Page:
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Leading!

Discussion in 'Handloading and Reloading' started by Jech, Jul 29, 2010.

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  1. Jech

    Jech Member

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    After shooting an IDPA match last week with my SA XD45 Tactical, I'm seeing leading in my chamber O_O

    Before the match, the gun was cleaner than the day I bought it...detailed slide disassembly with Hoppe's #9 in the barrel, non-chlorinated brake cleaner on the rest of the parts, relubrication, etc.

    The load I was shooting is 4.8gr of Unique burned by Remington #2 1/2 (standard large pistol) primers under 230gr MBC Softball LRN bullets in newish Winchester brass. My COAL is 1.228" and I'm dead certain that this load is headspacing on the mouth of the case *not* the lead.

    I was expecting to find some minor leading in the first inch or so of the barrel (which I did) but the chamber leading really caught me by surprise. What could be causing this and how the hell do I clean it without nasty solvents?

    Thanks ~ Jech
     
  2. Ridgerunner665

    Ridgerunner665 Member

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    Get it out by wrapping a few strands of a ChoreBoy pad around a tight patch and working it through the barrel (back and forth)

    Make sure to use REAL ChoreBoy pads (all copper) and not some of the cheaper copper coated pads...use a magnet to tell which is which.

    Thats how I clean lead out of my 45-70 barrel.

    Chamber leading??? You mean lead actually "IN" the chamber?

    If so, its getting in there during feeding...adjust the OAL and see what happens.

    230 LRN...I've never shot lead through a pistol other than a 45 Colt, but shouldn't the OAL length with a 230 grain round nose bullet be 1.26" or so?
     
  3. Jech

    Jech Member

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    I have no problem removing the small amount of leading in the forcing cone of the barrel. Even after 300 rounds, I would describe it as minor at best...nothing a few minutes with a bore snake won't remove.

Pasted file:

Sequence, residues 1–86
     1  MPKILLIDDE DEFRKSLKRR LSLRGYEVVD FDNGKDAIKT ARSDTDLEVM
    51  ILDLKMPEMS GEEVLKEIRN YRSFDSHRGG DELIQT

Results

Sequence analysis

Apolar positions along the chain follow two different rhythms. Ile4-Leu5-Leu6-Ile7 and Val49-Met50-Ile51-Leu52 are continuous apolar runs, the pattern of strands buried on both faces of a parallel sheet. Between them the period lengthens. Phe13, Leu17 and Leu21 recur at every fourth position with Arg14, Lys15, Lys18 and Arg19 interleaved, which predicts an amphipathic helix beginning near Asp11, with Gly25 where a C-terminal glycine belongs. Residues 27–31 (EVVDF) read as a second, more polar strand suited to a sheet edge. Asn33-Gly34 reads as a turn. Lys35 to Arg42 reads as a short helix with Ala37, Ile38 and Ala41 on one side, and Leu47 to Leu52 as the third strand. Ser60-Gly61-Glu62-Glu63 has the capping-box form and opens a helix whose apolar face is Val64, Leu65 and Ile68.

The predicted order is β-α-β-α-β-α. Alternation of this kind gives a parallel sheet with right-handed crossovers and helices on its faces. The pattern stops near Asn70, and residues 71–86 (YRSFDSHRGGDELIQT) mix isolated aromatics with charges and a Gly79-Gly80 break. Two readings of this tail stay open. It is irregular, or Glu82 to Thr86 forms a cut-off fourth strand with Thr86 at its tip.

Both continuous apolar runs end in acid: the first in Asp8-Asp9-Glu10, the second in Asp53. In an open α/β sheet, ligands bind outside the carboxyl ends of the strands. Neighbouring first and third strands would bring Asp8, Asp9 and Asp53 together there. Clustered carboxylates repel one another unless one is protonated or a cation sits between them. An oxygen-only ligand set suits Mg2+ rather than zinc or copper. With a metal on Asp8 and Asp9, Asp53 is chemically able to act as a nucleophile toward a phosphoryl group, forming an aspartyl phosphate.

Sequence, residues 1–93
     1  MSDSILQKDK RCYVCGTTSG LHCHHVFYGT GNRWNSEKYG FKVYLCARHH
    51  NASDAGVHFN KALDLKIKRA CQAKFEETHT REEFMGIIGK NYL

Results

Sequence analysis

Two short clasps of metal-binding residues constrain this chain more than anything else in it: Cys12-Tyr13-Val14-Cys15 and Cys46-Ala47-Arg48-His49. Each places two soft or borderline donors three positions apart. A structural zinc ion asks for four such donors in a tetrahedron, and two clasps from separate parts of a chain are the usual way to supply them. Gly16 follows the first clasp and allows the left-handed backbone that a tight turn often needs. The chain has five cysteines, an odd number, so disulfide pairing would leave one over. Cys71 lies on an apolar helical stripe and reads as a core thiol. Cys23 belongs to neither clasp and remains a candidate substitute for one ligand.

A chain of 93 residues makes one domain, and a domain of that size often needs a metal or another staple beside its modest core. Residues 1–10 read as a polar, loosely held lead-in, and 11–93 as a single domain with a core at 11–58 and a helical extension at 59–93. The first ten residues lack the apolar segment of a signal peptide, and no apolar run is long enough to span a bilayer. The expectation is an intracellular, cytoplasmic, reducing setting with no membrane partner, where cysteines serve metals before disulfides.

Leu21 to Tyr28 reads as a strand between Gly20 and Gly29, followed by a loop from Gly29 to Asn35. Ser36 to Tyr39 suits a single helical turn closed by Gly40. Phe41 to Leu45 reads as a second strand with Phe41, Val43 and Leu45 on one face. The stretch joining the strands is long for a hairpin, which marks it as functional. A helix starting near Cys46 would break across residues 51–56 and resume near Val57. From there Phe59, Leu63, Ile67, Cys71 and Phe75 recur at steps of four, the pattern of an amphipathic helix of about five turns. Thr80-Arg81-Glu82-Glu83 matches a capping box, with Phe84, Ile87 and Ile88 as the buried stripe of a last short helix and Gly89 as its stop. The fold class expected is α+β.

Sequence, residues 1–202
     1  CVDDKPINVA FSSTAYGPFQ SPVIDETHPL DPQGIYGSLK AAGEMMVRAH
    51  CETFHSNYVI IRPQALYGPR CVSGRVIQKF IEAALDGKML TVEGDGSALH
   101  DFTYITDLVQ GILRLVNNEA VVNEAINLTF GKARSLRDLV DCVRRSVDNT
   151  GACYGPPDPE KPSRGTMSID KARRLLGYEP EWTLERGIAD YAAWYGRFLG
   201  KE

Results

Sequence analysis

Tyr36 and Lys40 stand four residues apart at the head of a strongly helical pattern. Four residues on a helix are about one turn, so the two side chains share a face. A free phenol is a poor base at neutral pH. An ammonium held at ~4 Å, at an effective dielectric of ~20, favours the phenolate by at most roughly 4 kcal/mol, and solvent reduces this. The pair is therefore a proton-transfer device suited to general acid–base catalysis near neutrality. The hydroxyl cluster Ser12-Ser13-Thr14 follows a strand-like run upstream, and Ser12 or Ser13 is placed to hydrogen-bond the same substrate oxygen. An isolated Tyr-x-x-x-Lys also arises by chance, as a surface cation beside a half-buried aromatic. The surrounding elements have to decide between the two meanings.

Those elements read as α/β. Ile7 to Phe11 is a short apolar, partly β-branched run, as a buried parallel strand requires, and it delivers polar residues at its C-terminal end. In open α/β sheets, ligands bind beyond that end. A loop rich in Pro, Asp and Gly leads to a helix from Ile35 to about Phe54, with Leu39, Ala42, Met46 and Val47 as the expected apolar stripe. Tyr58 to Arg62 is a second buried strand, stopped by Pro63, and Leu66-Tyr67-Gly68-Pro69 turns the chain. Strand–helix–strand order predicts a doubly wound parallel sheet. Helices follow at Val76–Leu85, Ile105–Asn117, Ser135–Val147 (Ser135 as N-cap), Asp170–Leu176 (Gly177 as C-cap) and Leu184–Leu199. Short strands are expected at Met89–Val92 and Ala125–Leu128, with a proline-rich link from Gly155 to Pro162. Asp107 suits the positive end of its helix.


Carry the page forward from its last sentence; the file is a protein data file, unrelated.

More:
Yes. It's primarily in the *bottom* of the chamber, it looks like speck of lead that have been flattened by subsequent fired cases smashing it into the chamber wall. It doesn't look like smearing or streaking from the nose of the bullet being squished against the chamber wall.

    Being new to all of this, I could be very wrong here but it's my understanding that a cartridge's OAL is determined by the shape and profile of the bullet, not the weight of the bullet. My newbie terminology would describe the bullet as having a "shoulder"...if I don't seat it deep enough, the cartridge will headspace on that shoulder not the case mouth. I've tested this by with a a dummy round with the bullet seated much shallower at 1.3". I can clearly hear the "thunk" it headspacing on lead versus the brass "ping" or "tink" of a factory round headspacing on the case mouth properly. Here's a link to the bullet I'm using for a visual reference... http://www.missouribullet.com/details.php?prodId=59&category=5&secondary=13&keywords=

    Also, SA XD pistols are notorious for their factory tight/short chambers, I've had exactly zero FTF/FTE malfunctions with this powder charge/COAL in ~1k rounds fired so I'm really hesitant to call the issue as a COAL problem. But afterall, I've only been at this a few months and know I have a lot to learn :p
     
    Last edited: Jul 30, 2010
  4. Ridgerunner665

    Ridgerunner665 Member

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    shape and profile ...yes.